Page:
Signs of Recovery? Citizens' views on health service provision by the new government

Just one out of five citizens (18%) say that doctor absenteeism has been an issue in their local health facility in the past three months. When asked whether the presence of doctors was a problem in 2015, almost half (43%) of the citizens said it was. Similarly, 3 out of 10 citizens (27%) feel that they did not get attention or respect from staff in 2016, compared to 42% complaining about this in 2015. The cleanliness of health facilities also seems to have improved: in 2016 11% saw this as an issue compared to 29% in 2015. Complaints about cost have also decreased: in 2015 34% of citizens felt that services were too expensive or that they were unable to pay whereas in 2016 19% thought that this was a problem. At the same time, there are still significant shortages of medicine and other supplies: in 2015, more than half of citizens (53%) reported this compared to 59% in 2016.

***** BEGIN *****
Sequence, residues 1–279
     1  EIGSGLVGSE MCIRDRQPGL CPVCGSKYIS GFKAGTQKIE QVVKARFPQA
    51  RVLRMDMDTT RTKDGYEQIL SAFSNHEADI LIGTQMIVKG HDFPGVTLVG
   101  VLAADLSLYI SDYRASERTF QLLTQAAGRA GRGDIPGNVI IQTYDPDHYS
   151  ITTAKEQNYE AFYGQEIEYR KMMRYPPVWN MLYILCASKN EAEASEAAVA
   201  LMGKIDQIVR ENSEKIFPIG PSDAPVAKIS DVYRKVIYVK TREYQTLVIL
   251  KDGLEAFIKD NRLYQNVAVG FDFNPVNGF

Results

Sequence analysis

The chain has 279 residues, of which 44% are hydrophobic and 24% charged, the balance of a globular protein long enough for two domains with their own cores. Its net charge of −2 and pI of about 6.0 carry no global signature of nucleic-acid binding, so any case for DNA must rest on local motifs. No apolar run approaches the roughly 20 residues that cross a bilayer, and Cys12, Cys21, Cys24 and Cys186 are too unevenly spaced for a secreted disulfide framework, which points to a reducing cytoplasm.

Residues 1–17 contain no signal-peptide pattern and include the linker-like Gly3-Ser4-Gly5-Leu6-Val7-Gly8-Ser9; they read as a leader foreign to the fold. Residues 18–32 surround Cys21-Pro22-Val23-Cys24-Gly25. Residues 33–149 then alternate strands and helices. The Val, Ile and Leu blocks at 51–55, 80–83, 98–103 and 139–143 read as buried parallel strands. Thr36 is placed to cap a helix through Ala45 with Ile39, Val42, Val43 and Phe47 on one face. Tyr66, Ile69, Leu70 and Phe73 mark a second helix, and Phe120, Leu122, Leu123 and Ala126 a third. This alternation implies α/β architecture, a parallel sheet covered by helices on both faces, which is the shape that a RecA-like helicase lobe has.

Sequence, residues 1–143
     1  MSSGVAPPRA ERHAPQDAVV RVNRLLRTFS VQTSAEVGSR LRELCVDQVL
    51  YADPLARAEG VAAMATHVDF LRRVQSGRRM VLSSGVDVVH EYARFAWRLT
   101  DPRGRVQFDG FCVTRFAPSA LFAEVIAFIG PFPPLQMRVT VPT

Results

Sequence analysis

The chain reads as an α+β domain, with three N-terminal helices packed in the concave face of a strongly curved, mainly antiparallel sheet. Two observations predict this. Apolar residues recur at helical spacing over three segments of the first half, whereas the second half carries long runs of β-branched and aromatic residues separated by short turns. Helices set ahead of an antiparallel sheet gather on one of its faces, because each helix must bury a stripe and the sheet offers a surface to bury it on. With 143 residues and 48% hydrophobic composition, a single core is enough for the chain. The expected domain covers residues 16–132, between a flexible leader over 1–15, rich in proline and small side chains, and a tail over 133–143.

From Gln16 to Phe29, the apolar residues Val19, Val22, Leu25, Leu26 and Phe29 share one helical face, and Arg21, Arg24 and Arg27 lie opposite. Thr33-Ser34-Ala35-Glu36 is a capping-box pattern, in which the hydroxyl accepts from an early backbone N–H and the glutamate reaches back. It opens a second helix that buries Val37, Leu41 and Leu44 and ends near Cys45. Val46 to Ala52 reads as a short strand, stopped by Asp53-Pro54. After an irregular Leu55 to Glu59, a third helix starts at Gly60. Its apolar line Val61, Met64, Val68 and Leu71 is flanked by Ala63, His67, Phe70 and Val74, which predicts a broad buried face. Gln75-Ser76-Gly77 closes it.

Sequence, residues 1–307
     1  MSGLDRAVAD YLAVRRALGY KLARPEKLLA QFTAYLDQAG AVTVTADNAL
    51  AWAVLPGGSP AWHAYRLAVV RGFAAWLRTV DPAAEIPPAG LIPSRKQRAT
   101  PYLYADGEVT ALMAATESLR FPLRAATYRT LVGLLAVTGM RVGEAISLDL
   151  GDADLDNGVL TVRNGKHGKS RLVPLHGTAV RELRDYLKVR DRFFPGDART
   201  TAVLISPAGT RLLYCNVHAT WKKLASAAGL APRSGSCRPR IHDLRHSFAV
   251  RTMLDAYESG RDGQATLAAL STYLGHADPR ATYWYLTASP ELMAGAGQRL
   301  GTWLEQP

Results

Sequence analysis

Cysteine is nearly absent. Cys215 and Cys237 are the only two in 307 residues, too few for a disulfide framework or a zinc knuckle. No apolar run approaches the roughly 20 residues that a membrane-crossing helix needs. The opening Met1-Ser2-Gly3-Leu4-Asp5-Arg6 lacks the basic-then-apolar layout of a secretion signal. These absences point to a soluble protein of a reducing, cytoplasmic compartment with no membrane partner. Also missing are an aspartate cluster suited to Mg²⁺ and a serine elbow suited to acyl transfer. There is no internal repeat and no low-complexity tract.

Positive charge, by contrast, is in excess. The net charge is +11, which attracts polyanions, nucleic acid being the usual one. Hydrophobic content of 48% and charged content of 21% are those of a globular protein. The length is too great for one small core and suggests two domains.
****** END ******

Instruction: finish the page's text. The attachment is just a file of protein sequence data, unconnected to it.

These findings were released by Twaweza in a research brief titled Signs of recovery? Citizens’ views on heath service provision by the new government. The brief is based on data from Sauti za Wananchi, Africa’s first nationally representative high-frequency mobile phone survey. The findings are based on data collected from 1,836 respondents across Mainland Tanzania (Zanzibar is not covered in these results) between 2 and 17 May 2016.

Most citizens (61%) seek treatment from government health facilities in 2016 compared to 47% in 2015 who reported visiting a government health facility the last time they were sick. At the same time there has been a reduction in the number of citizens visiting the pharmacy (from 19% in 2015 to 13% in 2016) or doing nothing (from 8% in 2015 to 2% in 2016) when they are sick.

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